Just when you thought you had the measure of the Millennial generation, its successor comes barrelling down the demographic pipeline. Its name – Generation Alpha – originated in a 2008 survey conducted by the Australian consultants McCrindle Research. Researchers and popular media use the early 2010s as starting birth years and the mid-2020s as ending birth years. Named after the first letter in the Greek Generation Alpha is the first to be born entirely in the 21st century. Most members are the children of Millenials.
Since 2015 around two and a half million people have been born every week around the globe. Generation Alpha is expected to reach two billion by 2025. Africa is largely responsible for human population growth in the twenty-first century, and has overtaken Asia. The Institute for Health Metrics and Evaluations, Washington, reports that the world’s youngest countries by median age are all in Africa. At least 20 African nations today have a median age of 17 or less. While a booming population can induce substantial economic growth, if healthcare, education, and economic needs are not met, we will face chronic youth unemployment, low productivity, and likelihood of social unrest. So investing in human capital remains crucial. But what should we be investing in to unlock the potential of the Alpha Generation?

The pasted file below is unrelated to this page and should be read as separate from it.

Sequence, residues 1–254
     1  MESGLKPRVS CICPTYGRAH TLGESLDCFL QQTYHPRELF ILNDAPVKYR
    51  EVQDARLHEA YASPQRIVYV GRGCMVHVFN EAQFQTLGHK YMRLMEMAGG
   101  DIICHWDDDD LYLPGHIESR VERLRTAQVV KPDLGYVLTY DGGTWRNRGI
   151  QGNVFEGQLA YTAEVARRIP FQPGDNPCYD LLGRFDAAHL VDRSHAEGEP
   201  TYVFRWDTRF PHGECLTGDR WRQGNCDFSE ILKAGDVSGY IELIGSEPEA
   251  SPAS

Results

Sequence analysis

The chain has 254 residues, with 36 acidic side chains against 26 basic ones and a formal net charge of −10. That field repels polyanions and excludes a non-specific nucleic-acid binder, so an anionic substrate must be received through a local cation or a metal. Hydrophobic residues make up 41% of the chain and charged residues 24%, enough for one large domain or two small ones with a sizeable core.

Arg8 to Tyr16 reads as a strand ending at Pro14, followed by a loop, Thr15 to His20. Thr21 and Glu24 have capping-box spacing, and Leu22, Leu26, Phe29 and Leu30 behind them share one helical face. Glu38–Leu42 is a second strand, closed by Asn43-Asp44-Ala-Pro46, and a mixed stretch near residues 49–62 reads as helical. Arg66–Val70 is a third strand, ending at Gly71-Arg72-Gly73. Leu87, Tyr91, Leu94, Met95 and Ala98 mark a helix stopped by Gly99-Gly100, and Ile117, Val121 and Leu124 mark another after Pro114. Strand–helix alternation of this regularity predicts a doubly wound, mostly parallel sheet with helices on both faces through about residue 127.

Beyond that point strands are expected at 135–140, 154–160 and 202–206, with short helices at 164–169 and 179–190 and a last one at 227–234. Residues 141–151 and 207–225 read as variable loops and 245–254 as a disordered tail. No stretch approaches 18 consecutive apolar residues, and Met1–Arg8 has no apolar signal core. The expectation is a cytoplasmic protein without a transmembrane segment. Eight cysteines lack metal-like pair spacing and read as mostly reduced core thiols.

Alphas are already the most prolific ‘streamers’ – viewing content from all over the world all the time. News, entertainment, education, social content. No longer tied to traditional media, they will never have a daily routine that includes reading newspapers or pausing to watch news at specific times. The cars they drive will be autonomous. Their retail habits will be ‘just in time’. In fact their world may well become more virtual or ‘enhanced’ than real.
If managing Generation Z was all about Empowerment, leading Generation Alpha will be all about Inspiration. The Alpha workforce will never line up to be counted through the workplace door or corralled into departments. They’ll be looking to build diverse skill sets for themselves and then find employers who can ‘cope’ with a broader universe of talent.
Deloittes is one of many consultancy firms suggesting how the talent management model will need to change. They highlight three areas for focus:
• Access. How do you tap into capabilities across your enterprise and the broader ecosystem ( mobilising on- and off-balance sheet talent)?
• Curate. How do you provide employees and teams with the broadest and most meaningful personal development (that integrates into the flow of their careers and personal lives)?
• Engage. How do you interact with workforces, business teams and partners to build compelling relationships?